Loogaroo: As I mentioned when I took out Metal Slug 2, any shooter in which your hero dies after taking one hit, but all the enemies require entire magazines of ammunition in order to be destroyed, already has one strike against it. Admittedly, Contra did give most players a fighting chance to progress through the game, but when you get to the final level, the game goes anal on you: you have to defeat not one, but two separate bosses, both of which take boatloads of gunfire to kill. I can only forgive a fatal flaw for so long.
TheMadSpin: In retrospect, this game wasn’t really that great, and thanks to the idiotic shared screen for two players, it actually caused a rift between my friends and me. For instance, if one of my friends was a jerk and took all the power ups, I’d just wait until he got to a tricky jump and then I’d pull the old, “hold the screen back” trick so that he plummeted to his doom. Sure, I didn’t have the power-up, but now he didn’t either. That’s teamwork right there.
RoyalRanger: I never found Contra to be particularly challenging. I had always been told that it was extremely difficult, but I put those reports to rest when I actually bought the game. Within just a few days of my purchase, I had destroyed the final boss for the first time. That’s supposed to be difficult? I’ve purchased games that have taken me weeks or months to master. I even have a few games that I still haven’t beaten after years of trying. But this game took me less than one week to complete? The difficulty in Contra isn’t all that it’s hyped up to be.
Brad Hates Games: Two soldiers against a gigantic alien invasion force? Look, the next time there’s a global crisis and Finland says “Hey, don’t even worry about this one guys, we’ve already sent our entire army to take care of the problem,” the rest of the world really ought to ask a couple of follow-up questions.
Brad Hates Games: First of all, let’s not overlook the fact that Tetris was originally developed as a way to test the problem-solving skills of Soviet cosmonauts and help train them to spread evil communism throughout the galaxy. Even so, I bet you’re still thinking “You can’t slam Tetris! Everyone likes Tetris!”. That’s the problem with this game, though — everyone likes Tetris, but nobody loves it. Nobody who has played more than a few games thinks of Tetris as their favorite. People don’t wear Tetris t-shirts or eat Tetris cereal or even watch the Tetris cartoon. Tetris doesn’t have active message boards where people have flame wars over which “L shaped” piece is better (its the “backwards L”, by the way), and if I write a negative review of the newest installment of Tetris, hundreds of illiterate Tetris fanboys won’t send me insane hate mail with links to Tetris pr0n. It’s just a game that everyone kind of likes, and in that regard, it’s really no better than Minesweeper or Freecell. And come to think of it, I’ve spent a lot more time playing Freecell than I ever have Tetris.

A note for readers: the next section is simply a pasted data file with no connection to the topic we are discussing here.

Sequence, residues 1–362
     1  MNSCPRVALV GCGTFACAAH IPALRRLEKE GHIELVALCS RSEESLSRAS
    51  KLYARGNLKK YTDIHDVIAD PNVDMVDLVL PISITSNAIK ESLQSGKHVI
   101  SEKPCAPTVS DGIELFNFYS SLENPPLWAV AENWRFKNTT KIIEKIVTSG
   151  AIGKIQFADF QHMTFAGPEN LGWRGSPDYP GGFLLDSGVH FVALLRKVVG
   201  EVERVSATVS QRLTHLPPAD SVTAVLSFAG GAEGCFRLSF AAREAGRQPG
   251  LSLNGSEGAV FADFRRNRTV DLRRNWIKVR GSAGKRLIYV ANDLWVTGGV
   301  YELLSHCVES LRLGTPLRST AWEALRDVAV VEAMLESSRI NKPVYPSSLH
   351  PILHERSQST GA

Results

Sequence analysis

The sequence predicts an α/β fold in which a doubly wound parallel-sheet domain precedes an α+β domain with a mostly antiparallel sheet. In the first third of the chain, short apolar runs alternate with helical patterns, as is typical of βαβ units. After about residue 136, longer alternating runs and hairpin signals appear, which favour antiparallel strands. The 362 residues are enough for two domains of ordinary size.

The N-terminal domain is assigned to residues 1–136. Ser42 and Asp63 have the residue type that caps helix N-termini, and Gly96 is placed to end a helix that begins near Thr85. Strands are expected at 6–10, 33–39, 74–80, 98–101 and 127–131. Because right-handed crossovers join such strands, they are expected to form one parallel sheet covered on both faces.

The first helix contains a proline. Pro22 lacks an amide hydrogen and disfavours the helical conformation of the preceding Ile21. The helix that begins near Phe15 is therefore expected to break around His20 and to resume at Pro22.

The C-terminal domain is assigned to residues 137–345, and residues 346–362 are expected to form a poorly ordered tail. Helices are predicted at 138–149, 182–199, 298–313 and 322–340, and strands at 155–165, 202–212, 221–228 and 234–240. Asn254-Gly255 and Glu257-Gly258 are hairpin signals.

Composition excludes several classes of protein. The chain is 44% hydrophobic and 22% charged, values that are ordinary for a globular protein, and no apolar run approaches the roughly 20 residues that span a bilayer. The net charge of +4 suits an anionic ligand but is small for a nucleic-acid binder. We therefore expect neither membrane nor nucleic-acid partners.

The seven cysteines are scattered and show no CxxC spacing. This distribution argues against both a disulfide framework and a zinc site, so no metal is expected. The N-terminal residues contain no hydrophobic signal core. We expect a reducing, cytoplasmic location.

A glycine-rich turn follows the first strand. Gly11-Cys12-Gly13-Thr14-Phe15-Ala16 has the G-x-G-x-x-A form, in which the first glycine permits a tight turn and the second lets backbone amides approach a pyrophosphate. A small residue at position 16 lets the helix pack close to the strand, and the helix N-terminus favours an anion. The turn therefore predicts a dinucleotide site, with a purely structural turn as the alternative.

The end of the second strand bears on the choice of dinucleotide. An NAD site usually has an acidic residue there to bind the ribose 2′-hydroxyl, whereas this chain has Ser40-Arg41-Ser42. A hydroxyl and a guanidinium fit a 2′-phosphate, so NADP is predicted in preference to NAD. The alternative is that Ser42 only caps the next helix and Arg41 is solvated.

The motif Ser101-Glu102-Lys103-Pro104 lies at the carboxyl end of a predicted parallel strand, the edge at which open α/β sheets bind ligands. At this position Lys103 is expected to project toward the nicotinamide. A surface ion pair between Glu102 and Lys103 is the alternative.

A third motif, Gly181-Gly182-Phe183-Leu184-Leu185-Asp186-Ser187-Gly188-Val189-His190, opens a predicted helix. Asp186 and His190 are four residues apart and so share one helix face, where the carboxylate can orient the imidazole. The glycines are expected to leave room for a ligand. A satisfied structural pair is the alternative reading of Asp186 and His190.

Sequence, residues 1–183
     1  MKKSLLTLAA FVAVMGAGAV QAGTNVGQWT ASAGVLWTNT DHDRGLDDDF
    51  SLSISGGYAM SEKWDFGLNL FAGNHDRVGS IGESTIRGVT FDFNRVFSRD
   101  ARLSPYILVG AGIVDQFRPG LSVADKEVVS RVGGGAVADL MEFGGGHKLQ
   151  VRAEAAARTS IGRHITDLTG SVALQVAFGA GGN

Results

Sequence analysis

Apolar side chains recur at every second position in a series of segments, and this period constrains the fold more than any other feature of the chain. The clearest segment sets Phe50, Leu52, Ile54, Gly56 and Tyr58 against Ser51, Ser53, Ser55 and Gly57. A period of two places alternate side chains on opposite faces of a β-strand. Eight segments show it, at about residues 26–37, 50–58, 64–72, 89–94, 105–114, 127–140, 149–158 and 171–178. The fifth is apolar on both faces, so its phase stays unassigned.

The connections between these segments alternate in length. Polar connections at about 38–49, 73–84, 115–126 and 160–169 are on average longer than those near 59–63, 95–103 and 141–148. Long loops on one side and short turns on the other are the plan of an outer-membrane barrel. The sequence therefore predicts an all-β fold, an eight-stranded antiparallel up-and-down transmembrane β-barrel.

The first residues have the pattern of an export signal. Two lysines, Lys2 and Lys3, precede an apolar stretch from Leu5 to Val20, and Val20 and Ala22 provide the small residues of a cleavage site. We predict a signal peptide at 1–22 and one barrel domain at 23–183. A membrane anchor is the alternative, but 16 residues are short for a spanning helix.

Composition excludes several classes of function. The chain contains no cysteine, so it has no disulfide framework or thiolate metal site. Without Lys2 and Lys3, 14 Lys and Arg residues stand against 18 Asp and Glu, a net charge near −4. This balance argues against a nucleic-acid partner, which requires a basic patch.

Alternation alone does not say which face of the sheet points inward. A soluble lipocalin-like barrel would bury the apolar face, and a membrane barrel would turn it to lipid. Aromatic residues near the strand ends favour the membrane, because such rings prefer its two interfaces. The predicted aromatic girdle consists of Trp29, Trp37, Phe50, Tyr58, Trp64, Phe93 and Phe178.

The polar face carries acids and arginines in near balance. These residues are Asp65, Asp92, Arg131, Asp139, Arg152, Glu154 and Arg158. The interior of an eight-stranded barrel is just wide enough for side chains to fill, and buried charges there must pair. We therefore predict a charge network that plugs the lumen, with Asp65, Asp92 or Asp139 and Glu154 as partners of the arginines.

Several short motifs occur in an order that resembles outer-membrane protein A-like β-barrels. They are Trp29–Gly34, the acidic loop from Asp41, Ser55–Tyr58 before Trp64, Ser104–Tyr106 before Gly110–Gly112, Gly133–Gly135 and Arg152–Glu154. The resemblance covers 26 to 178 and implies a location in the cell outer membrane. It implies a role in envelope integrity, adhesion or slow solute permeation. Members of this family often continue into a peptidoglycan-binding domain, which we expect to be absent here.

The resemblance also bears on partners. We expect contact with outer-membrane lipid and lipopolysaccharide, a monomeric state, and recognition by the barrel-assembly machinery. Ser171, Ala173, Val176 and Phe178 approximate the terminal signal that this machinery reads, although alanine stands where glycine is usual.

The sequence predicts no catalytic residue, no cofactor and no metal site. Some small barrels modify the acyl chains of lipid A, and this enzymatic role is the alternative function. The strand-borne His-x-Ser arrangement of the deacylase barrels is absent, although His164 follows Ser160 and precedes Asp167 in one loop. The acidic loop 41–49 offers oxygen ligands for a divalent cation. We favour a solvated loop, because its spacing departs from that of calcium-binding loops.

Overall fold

RoyalRanger: I think it’s clear that Tetris wasn’t created solely to train the Soviets to spread their communist agenda. This game was also created to deliver subliminal anti-capitalist messages to the world. Because capitalism is an economic theory based on the principal of accumulating capital, we’re going to assume that each set of blocks in Tetris represents a certain amount of capital. The harder you try to collect and organize your capital, the more of it disappears, likely to the hands of an evil, oppressive rich person. However, if you accumulate too much capital, you lose the game because you’ve now just become an evil, oppressive rich person yourself. This game was clearly created with an agenda in mind. I’m surprised that the United States government has allowed Tetris to slip past their radar for so long.
Loogaroo: You know, the whole “OMG THIS GAME IS SO ADDICTIVE” thing was kinda lost on me. I never really played this game for more that 15-20 minutes at a time, and most of it was spent restarting the game over and over until I had a semi-decent score after about 50 lines. In my case, they may as well have called the game “Resetris”.
TheMadSpin: Screw all the conspiracy theories. All I know is that after a considerably long Tetris spree a few years ago, I had a dream that I played for days and days on end without ever getting the much needed “straight” block. Of course, then I realized it wasn’t a dream. Any game that takes that much pride in ruining a well-built plan by withholding needed blocks is…wow, I guess that does sound a little like communism.
Brad Hates Games: You want to see some bad A.I.? The next time you play Shining Force, take your weakest character and have him rush in and attack the strongest magic user you’re facing. Then sit back and relax as he retaliates with BLAZE 5, wasting all his MP to do enough damage to kill that single weakling three times over. Better yet, the nearest enemy cleric will then cast HEAL 7 to restore that one HP of damage you did, wasting all of his MP, too. That’s two powerful enemies you won’t have to worry about anymore! Look, I realize that strategy games back then weren’t as sophisticated as they are now, but I would at least like to use more advanced tactics than “trick computer into wasting spells”.